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January 13, 1900


JAMA. 1900;XXXIV(2):114-115. doi:10.1001/jama.1900.02460020050011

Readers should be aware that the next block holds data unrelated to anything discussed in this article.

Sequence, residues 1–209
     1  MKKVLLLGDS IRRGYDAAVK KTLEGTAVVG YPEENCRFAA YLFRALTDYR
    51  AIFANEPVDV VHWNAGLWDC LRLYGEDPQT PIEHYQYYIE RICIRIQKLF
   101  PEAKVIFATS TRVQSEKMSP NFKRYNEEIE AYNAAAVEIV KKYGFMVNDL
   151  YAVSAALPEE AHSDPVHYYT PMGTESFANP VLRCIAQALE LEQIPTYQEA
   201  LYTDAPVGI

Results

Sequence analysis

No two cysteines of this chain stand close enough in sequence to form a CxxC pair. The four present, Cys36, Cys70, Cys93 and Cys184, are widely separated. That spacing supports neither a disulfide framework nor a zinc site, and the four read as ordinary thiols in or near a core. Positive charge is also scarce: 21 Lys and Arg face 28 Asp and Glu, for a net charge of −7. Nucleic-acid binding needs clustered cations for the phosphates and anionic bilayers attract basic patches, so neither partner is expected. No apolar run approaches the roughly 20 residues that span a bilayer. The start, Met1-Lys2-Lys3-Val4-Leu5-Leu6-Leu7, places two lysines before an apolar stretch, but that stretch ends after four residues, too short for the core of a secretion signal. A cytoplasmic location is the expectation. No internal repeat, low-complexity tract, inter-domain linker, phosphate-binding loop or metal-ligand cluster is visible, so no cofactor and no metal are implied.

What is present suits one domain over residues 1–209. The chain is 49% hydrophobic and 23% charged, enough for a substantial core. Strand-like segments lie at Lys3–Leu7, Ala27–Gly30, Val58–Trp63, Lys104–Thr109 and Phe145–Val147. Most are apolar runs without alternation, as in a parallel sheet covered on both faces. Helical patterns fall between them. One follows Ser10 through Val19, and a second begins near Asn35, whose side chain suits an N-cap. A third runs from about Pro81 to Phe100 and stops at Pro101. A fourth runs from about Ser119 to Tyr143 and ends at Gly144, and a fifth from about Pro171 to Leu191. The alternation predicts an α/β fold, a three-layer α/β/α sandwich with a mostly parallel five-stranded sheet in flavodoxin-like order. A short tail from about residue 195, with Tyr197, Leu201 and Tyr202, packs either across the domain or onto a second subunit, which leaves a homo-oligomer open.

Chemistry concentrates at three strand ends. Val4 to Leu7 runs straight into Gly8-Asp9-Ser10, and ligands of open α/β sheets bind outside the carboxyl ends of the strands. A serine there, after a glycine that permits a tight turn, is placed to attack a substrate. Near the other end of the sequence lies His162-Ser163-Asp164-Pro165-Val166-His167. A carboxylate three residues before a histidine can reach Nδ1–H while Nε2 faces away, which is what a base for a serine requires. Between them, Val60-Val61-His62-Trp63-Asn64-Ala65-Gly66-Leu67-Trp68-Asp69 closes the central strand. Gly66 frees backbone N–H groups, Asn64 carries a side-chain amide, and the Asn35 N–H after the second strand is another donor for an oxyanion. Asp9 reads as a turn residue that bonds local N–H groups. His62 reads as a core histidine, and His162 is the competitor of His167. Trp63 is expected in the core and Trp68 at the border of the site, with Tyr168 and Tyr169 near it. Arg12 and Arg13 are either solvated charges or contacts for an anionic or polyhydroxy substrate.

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The article by Betts, in this issue of The Journal, on the dust pneumonia from a gold-mining plant, makes a serious indictment of the management of such establishments. A mill employing on an average fifty men, with a monthly change or discharge list of fifteen, would itself be significant of something wrong. When out of a total of about one thousand employed during five years, one hundred, "conservatively speaking," have already died, and there is a prospect of many more following them, we see the unquestionable evidence of one of the most fatal of occupations. Dr. Betts gives a record of thirty deaths of previously robust workmen whose average time from first employment to death was twenty-nine months, with details of some of the cases and autopsies showing the lung conditions and leaving no question as to the cause of death. It is only just to say that Dr. Betts

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